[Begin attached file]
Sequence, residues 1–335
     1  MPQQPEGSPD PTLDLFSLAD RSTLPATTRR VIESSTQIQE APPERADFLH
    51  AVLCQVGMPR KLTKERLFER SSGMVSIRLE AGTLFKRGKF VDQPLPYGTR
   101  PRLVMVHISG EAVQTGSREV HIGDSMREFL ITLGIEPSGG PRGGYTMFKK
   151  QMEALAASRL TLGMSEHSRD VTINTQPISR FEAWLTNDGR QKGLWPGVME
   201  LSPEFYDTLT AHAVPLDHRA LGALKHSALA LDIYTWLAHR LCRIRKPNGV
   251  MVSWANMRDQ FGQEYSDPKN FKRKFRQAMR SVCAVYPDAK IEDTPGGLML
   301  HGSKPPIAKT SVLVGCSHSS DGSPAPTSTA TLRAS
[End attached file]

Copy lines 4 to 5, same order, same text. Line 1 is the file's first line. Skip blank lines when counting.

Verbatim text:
   101  PRLVMVHISG EAVQTGSREV HIGDSMREFL ITLGIEPSGG PRGGYTMFKK
   151  QMEALAASRL TLGMSEHSRD VTINTQPISR FEAWLTNDGR QKGLWPGVME